4. 4. 292 Advanced laparoscopic instruments have also beendeveloped for increasing maneuvrability and dexterity,improving force feedback, and providing the sense oftouch in laparoscopic procedures. A three-®nger, wristarticulated, 7-dof miniature laparoscopic hand wasdeveloped by DAUM GmbH, Germany to increase``down-the-hole dexterity. Two versions of this devicehave been developed. (Fig. 3): One is cable operatedfrom a special glove-like device worn by the surgeon; theother uses the same miniature hand, but it is activelydriven and controlled by a data glove in a master-slavearchitecture. The former case allows for remote opera-tion of the mini-hand. The system has not yet been Fig. 4 Laparoscopic instrument for remote palpation developed at Harvard Universityclinically tested. In vitro force feedback and dexterityexperiments performed by our urobotics group charac-terized the ®rst-generation EndoHand in comparison to includes 3D video and audio communications, and twocurrent laparoscopic instruments. Although it falls short teleoperated 7-dof manipulators (6-dof arm + 1-dofin both dexterity and tactile feedback, signi®cant gripper). The system is operated from a bilateral hapticpromise is shown in its ability to perform sophisticated interface with force feedback, which has identical ar-manipulation of objects, and to work at a larger range of chitecture with the manipulators (Fig. 5). The systemangles to the target tissue [24]. has been used successfully to allow a remote surgeon to Regarding remote palpation technology, signi®cant perform open surgery with only a surgical assistant inresults have been obtained by the medical robotics group the operating room. Cornum and colleagues have re-at Harvard University. One of a surgeons most im- ported on their experience with the system for in vivoportant tools is a highly developed sense of touch. New porcine nephrectomy and repair of bladder and urethralsurgical techniques, however, separate the surgeons injuries [11].hands from the surgical site (laparoscopy, robotic ma- A recent generation of the SRI system has been de-nipulation). To compensate for this de®ciency, the re- veloped for laparoscopy by Intuitive Surgical, Inc.,search group at Harvard developed a variety of tactile Mountain View, CA ( Thissensors that can be mounted in a probe or surgical in- system, named ``da Vinci, has two primary compo-strument [19±22]. They have also developed tactile dis- nents: the control console operated by the surgeon andplay devices, which recreate the tactile stimulus directly the surgical arm unit, which holds and manipulates de-onto the surgeons ®ngertip (Fig. 4). Results of prelim- tachable surgical instruments. These pencil-sized in-inary in-vitro and animal experiments, demonstrated struments are equipped with a wrist, which providesthat tactile sensing and display can convey important additional dexterity. The system operates through 1 cmsmall-scale shape information from an inaccessible lo- ports. Three surgical arms are maneuvered into placecation to the surgeons ®nger tips [19, 20]. Important and inserted into the patients body. The ®rst arm holdsquestions remain to be addressed in hardware develop- the laparoscope while the other two arms may accom-ment, signal processing, and systems integration areas modate a variety of wrested instruments, such as needle[9, 21, 22]. driver, scissors, dissectors, scalpel, etc [17]. In early A remotely operated system for open surgical pro- January 2000, Intuitive Surgical Inc. announced that bycedures funded by the DARPA (Defense AdvancedProjects Agency) has been developed at the StanfordResearch Institute (SRI), Menlo Park, CA. This systemFig. 3 The DAUM EndoHands: Local and remote Fig. 5 The SRI teleoperation system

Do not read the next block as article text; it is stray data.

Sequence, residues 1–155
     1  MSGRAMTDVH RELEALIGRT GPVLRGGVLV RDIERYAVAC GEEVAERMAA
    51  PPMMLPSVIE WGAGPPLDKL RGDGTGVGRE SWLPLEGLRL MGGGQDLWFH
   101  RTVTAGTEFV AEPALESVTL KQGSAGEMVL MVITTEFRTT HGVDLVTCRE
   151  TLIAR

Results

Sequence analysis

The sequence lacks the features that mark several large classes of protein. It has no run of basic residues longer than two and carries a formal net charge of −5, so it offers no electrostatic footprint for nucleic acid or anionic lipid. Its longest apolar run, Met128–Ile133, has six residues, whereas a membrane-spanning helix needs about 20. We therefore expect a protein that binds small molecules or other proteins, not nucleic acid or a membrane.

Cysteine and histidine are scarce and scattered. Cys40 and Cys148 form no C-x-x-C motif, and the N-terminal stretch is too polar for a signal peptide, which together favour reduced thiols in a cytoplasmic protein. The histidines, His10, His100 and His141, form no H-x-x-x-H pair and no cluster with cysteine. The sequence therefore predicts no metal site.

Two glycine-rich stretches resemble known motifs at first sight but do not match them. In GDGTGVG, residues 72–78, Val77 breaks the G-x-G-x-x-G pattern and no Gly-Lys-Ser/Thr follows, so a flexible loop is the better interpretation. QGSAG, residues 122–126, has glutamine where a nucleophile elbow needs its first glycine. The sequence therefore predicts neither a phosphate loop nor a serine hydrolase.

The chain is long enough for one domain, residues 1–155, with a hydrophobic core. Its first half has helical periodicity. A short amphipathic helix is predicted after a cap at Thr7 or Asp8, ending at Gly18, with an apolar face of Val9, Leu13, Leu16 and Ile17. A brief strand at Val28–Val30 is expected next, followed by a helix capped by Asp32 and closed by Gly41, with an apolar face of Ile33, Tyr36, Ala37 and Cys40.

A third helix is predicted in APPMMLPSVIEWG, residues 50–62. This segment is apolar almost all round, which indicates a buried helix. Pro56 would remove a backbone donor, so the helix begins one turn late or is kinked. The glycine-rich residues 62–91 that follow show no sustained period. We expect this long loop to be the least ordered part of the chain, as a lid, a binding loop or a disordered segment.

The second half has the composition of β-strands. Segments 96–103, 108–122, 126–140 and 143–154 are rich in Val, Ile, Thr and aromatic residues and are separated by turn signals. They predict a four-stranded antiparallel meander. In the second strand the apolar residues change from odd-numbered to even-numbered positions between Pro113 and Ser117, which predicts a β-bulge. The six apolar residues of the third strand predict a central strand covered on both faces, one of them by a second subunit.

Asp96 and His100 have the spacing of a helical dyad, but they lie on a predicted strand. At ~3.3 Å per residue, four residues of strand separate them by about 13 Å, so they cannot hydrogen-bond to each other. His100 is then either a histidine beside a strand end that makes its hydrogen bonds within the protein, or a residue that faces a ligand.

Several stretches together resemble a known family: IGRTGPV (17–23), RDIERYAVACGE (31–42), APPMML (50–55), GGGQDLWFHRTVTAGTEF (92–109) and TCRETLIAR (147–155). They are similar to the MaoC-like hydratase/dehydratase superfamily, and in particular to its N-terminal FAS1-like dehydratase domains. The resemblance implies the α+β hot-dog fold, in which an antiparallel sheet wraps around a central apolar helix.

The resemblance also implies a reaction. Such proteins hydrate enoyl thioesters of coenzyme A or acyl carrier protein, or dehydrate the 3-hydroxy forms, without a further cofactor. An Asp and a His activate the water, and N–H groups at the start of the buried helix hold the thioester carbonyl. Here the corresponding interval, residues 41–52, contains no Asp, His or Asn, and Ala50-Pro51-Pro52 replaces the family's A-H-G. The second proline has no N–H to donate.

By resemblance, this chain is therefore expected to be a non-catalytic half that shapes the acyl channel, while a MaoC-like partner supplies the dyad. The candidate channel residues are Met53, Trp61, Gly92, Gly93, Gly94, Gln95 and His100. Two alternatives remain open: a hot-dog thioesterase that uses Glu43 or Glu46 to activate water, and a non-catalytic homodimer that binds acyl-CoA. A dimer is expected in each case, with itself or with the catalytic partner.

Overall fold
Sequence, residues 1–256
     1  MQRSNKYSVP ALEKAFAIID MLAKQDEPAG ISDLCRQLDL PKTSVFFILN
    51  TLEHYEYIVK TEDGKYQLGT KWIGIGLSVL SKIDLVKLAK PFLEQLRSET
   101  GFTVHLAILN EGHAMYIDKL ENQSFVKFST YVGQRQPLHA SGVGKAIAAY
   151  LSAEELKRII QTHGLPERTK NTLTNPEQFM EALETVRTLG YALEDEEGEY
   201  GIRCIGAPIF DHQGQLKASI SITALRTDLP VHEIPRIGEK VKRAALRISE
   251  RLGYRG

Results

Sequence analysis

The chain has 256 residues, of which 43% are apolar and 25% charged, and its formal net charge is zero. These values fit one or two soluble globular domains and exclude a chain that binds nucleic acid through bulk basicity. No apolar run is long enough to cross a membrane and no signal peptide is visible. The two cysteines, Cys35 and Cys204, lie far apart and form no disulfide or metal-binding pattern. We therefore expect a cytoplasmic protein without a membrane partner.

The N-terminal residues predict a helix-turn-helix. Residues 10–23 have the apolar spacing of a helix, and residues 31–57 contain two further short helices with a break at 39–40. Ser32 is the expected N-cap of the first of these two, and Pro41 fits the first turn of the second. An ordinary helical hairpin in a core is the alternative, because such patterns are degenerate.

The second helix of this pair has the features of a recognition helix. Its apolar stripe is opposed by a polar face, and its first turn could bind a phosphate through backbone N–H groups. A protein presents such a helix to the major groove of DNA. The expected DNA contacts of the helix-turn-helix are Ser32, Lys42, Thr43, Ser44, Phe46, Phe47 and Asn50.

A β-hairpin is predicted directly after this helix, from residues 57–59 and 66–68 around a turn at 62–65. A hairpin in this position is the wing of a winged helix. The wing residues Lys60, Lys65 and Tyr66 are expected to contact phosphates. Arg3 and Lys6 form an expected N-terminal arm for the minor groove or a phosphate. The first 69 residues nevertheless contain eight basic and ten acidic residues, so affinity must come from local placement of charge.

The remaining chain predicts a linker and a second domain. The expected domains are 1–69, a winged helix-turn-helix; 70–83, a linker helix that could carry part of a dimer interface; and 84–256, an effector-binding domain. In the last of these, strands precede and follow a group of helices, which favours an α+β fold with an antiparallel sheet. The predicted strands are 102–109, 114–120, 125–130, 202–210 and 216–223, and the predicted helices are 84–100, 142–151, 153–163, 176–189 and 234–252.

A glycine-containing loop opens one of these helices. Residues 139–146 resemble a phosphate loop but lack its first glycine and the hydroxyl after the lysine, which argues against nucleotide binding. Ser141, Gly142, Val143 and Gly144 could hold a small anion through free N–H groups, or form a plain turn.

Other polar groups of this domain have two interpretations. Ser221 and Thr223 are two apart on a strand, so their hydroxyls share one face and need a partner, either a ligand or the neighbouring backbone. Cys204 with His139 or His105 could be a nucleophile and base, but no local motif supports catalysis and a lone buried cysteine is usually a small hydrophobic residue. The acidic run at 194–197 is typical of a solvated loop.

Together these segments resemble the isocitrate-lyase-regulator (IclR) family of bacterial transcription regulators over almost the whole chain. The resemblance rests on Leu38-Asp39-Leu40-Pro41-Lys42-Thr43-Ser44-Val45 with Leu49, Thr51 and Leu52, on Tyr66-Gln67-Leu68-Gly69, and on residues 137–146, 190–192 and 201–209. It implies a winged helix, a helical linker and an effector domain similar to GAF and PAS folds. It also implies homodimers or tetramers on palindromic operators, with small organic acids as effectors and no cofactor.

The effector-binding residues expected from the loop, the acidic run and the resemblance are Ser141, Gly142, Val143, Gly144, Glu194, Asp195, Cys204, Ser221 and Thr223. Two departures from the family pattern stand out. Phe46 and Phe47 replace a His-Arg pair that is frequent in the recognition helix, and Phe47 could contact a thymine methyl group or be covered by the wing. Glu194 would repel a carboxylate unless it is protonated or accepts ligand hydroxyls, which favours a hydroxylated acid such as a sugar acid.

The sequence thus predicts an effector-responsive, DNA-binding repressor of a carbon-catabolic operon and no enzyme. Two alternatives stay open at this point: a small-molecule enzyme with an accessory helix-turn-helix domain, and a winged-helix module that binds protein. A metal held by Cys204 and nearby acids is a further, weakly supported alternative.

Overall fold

5. 5. 293using the da Vinci system, several cardiac centers inEurope have successfully perform totally endoscopiccoronary artery bypass (TECAB) procedures on abeating heart. Figure 6 presents the da Vinci system inthe operating room in Dresden, Germany. This was the ®rst time that cardiac bypass surgerywas performed solely through less than 1-cm incisionswithout cardiopulmonary bypass (CPB). Just 2 monthslater the da Vinci system completed a mitral valve repairsolely through four ports at the Deutsches HerzzentrumCardiac Clinic in Munich, Germany. It is expected thatin the near future this robotic system will extend itsrange of application to other surgical domains, be ap-proved by the FDA, and investigated in the UnitedStates. A competitive system, Zeus, was also designed forlaparoscopic surgery by Computer Motion, Inc., Goleta,CA. It consists of three modi®ed AESOP robots: one forthe laparoscope and two for the instruments, and apurpose-built bilateral haptic interface (Fig. 7). A sur-gical assistant positions the robots and laparoscopicports locally. The surgeon operates the system from theremotely located haptic interface, which handles in asimilar way to the usual laparoscopic instruments. As Fig. 7 Force-feedback experiments with Zeus at the Johns Hop- kins Medical Institutionsthe surgeon moves the haptic handles, the roboticmanipulators in the operating room move in a similarfashion. Concurrently, force-feedback is returned to the In addition, da Vincis instruments present an extrasurgeon on the gripper [37]. The system has not yet re- ``wrist, o€ering improved ¯exibility.ceived FDA approval, being labeled as an investigation Other commercial robotic systems include the ROBO-device. Compared to da Vinci, the Zeus appears safer DOC System for hip replacement surgery [1] and theand requires signi®cantly lower preoperative set-up. On NeuroMate robotic arm for stereotactic brain surgery;the other hand, Zeus exhibits lower maneuvrability and both are from Integrated Surgical Systems (http://provides force feedback only on the grippers, whereas da has complete feedback on all axes. This is mainly Many experimental surgical systems are under de-due to the fact that Zeus is based on the AESOPSs, velopment in academic institutions around the world. Atwhich have not been designed for master-slave opera- the Carnegie Mellon University and Shadyside Hospitaltions, whereas da Vinci is a purpose-designed system. in Pittsburgh, clinical focus is on orthopedic applica- tions [13]. Representative groups in Europe include the TIMC-IMAG group in Grenoble, France, with a recent project on robotic pericardial punctures [46, 47], and the Charite Hospital in Berlin, Germany, where one focus area is maxiofacial applications [28]. Future directions Robotic applications open wide possibilities of improv- ing upon current surgical techniques as well as allowing the development of new procedures, which could not be performed without the aid of this new class of surgical tools. Among many other advantages, these new instruments potentially improve the precision of ma- nipulation as compared to manual procedures, and provide improved mapping between the patient and his volumetric image as given by sophisticated imaging equipment. This requires the development of miniature, extremely high-dexterity robots that are able to operateFig. 6 The da Vinci Surgical System in the Dresden operating inside the image scanners, such as ``open as well asroom conventional ``closed bore CT and MR imagers.